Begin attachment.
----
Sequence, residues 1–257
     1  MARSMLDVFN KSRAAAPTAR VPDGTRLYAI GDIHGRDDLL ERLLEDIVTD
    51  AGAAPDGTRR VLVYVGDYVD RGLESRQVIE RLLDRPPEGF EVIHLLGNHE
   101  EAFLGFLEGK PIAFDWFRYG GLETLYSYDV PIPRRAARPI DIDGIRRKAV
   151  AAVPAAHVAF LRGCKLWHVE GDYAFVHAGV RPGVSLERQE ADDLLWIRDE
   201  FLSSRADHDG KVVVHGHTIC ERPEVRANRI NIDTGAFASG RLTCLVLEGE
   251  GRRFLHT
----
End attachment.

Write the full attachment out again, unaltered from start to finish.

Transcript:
Sequence, residues 1–257
     1  MARSMLDVFN KSRAAAPTAR VPDGTRLYAI GDIHGRDDLL ERLLEDIVTD
    51  AGAAPDGTRR VLVYVGDYVD RGLESRQVIE RLLDRPPEGF EVIHLLGNHE
   101  EAFLGFLEGK PIAFDWFRYG GLETLYSYDV PIPRRAARPI DIDGIRRKAV
   151  AAVPAAHVAF LRGCKLWHVE GDYAFVHAGV RPGVSLERQE ADDLLWIRDE
   201  FLSSRADHDG KVVVHGHTIC ERPEVRANRI NIDTGAFASG RLTCLVLEGE
   251  GRRFLHT